Gov. Gavin Newsom announced Tuesday in Oakland that 80% of all eligible California residents have received at least one dose, placing it among the top 10 states nationally. Newsom also noted the need for continued efforts to reach black and Latin American communities and low-income residents, in order to improve the overall immunization rate.

Ferrer, meanwhile, noted that the county was bracing for the potential of booster shots, a “gigantic task ahead of us,” she said.

“We’re working hard to make sure the infrastructure is there,” Ferrer said, foreshadowing what appears to be eventual mass distribution in LA County. Ferer said she hoped this infrastructure was already integrated with the some 800 vaccination sites dotted around the vast county.

“But if that ends up not being the case, we also have our plans to expand the county and the city’s capacity to remake these big vaccination sites,” she said. “I think our infrastructure is much more sophisticated now, but we need to act quickly when these booster shots are recommended.”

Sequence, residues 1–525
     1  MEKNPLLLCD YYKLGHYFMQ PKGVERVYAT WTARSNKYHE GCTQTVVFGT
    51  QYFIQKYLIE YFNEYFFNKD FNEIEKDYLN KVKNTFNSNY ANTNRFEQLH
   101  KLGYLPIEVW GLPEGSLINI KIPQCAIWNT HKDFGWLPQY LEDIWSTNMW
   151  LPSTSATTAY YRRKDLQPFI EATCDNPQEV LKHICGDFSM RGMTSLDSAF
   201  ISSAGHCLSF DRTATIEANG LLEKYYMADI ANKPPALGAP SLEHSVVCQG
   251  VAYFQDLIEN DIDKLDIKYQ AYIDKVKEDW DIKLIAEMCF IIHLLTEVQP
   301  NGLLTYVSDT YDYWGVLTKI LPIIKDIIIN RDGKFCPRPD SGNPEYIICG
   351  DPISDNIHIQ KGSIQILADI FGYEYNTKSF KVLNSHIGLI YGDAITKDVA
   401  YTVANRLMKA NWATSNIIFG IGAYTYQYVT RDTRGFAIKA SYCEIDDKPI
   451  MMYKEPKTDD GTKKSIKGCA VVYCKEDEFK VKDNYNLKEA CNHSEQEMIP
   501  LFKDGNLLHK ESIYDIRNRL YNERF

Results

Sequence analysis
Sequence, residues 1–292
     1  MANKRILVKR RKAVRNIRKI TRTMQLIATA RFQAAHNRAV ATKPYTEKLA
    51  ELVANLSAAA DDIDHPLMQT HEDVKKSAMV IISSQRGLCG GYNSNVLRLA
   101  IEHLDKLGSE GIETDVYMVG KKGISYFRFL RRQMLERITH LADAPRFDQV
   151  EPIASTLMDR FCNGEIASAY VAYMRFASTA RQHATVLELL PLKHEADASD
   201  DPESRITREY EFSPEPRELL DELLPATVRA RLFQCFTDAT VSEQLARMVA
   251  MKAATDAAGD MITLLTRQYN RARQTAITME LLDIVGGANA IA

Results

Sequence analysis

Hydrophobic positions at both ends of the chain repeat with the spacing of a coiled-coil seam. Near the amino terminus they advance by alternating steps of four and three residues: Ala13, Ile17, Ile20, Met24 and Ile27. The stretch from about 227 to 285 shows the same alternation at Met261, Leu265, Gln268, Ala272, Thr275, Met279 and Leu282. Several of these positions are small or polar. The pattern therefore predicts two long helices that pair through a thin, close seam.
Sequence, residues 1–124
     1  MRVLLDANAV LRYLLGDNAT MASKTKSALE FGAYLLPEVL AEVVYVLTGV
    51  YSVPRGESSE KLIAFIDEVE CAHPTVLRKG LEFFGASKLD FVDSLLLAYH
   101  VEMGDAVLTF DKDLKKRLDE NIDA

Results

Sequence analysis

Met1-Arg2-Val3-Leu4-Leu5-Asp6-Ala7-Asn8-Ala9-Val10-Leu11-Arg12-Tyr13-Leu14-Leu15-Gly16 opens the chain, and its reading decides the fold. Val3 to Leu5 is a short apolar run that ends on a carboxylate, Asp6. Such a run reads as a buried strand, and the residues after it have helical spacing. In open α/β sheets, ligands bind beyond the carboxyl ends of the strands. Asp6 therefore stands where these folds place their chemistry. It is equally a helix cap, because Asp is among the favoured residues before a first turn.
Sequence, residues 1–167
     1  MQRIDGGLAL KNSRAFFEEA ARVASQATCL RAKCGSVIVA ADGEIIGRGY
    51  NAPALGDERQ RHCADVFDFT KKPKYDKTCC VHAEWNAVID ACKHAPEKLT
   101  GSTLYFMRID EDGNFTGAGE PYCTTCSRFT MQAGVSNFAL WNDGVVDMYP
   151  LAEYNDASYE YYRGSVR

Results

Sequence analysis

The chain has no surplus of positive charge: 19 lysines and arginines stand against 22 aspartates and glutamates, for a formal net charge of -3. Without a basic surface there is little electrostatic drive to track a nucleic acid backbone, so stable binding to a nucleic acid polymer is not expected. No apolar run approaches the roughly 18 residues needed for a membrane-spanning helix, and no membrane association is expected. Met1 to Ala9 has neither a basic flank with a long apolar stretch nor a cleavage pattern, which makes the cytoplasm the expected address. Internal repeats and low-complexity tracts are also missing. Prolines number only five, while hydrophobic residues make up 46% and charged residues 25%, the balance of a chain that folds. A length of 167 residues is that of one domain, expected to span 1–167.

33 additional deaths

Authorities on Tuesday reported another day of 30 or more deaths from the virus. The 33 newly confirmed deaths added to what is now 25,284 in the county.

The total number of cases was not yet available on Tuesday afternoon.

Ferrer pointed to some early signs of a flattening of the new number of cases and the rate of hospitalizations. 1,699 people were in hospital as of Tuesday, according to the state scorecard, the first time that number has fallen below 1,700 since mid-August.

But Ferrer lamented lingering concerns about the lack of vaccinations among the population, and noted that deaths from the virus increased 6% over the past week to an average of 18 deaths per day over seven days.

“This virus continues to cause serious and potentially fatal illnesses in many infected people, and our losses are all the more tragic as almost all of them are preventable with extremely safe and widely available vaccines,” said Ferrer. noted.